Through a research-centric process, I was able to design an experience for VM Service that gives Admins confidence and control over their resources, while empowering developers with autonomy and flexibility to self-service — ultimately providing both with the modern tools needed to build powerful applications in vSphere.

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Feb 2020 - Aug 2020



Lead Designer - user research, end-to-end design process, aligning with business strategy, & implementation support.


Product Manager, Architect, Engineering Manager, UI Lead, & Product Designer (me).


Design a new system for developers to self-service — on an infrastructure-centric product made for a completely different persona (IT Admins).

VMware's biggest product, vSphere, lacked a self-service model, and our customers were moving to other cloud providers. To meet the modern market, we had to create a way for developers to self-service. 

Developers care about building apps quickly, and IT Admins care about resource quotas and limits.

How do I design for both personas' success? 


Through a research-centric process, I was able to design an experience for VM Service that gives Admins confidence and control over their resources, while empowering developers with autonomy to self-service.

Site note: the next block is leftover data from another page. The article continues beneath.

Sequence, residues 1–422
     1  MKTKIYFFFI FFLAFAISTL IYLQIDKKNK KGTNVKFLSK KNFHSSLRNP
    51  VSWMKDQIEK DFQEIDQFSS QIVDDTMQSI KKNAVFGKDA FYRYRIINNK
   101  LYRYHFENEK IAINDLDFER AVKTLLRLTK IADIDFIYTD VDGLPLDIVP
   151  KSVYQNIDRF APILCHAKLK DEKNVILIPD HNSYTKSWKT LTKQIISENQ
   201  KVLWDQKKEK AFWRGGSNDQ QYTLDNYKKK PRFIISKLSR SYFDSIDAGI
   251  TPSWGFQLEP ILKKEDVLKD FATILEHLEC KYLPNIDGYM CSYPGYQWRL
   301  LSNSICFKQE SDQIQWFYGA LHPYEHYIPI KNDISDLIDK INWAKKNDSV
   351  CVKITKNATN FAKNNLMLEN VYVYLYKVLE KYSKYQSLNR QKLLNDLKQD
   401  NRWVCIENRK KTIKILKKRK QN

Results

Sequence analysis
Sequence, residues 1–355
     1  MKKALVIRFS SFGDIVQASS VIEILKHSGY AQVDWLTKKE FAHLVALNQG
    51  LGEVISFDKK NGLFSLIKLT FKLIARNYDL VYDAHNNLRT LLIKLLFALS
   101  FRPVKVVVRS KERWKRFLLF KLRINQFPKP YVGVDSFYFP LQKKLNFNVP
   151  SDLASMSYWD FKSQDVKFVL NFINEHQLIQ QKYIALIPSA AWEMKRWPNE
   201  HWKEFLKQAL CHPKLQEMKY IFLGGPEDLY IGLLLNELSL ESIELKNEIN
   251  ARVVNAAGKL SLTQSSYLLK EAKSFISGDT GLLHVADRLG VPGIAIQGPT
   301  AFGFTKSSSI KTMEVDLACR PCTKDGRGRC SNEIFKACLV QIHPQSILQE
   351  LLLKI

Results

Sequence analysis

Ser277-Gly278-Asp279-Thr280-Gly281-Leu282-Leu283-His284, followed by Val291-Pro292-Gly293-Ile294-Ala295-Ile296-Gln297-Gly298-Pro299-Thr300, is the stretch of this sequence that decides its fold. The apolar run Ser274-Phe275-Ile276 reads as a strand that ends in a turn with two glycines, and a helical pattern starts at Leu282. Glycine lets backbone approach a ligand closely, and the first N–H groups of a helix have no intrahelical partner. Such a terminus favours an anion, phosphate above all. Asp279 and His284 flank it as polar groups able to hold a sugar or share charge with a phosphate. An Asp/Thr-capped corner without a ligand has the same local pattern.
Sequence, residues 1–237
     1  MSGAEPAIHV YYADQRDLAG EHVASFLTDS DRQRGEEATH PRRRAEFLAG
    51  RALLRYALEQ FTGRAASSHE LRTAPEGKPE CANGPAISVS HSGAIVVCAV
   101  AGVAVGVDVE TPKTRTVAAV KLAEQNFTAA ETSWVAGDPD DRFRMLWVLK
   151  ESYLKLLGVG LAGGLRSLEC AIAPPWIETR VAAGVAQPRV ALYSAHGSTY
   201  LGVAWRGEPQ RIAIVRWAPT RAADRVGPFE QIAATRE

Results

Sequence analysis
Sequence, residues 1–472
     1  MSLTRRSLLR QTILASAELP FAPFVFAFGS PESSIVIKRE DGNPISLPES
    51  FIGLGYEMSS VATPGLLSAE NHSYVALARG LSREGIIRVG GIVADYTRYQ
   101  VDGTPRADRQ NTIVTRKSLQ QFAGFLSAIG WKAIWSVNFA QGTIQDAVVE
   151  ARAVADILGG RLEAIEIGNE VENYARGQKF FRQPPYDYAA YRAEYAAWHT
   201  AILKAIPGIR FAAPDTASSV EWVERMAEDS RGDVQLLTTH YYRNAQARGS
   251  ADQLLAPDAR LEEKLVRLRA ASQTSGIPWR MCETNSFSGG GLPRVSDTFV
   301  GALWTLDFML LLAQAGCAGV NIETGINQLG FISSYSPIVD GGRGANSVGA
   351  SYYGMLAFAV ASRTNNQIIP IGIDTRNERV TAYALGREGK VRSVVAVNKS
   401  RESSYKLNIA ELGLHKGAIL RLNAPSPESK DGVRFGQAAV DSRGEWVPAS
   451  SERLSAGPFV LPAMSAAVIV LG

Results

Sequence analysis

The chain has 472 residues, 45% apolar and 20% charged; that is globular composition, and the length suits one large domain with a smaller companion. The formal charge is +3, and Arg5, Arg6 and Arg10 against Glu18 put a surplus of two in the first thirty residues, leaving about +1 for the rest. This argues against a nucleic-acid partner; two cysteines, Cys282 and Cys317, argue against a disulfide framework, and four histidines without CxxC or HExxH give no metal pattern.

Developers have the freedom to self-service as much as they'd like to - within resource and size boundaries set up by the IT admin. Admins can now enable developer servicing in 3 steps, saving them time and money.

These VMware users will no longer have to look to external cloud providers for self-servicing functionality. VM Service is a premier product with enhanced functionality that provides a huge incentive for customers to upgrade their licenses, providing VMware with massive business value.


To better understand the problem space, I spoke to our PMs, Field Teams (working with customers for sales and support), and users themselves. I created this workflow that highlights the key pain points from both a developer and admin view.


The Cloud landscape is growing rapidly, and users now have more options than ever before. To win new customers and avoid churn, VMware has to modernize its most well-known product: vSphere. A part of this move to modernization includes enabling developer self-servicing.


Companies that use vSphere aim to deliver apps quickly to increase their revenue and customer satisfaction. However, the app development process is significantly slower due to delays in VM provisioning. Moving to a new cloud provider is costly, and the company’s IT team is looking for better alternatives.

How were our users currently solving this problem, and what solutions were already in the market?


VI Admins were leveraging a concept of a "golden template" as a starting point to optimize their workflows for creating customized VMs for developers.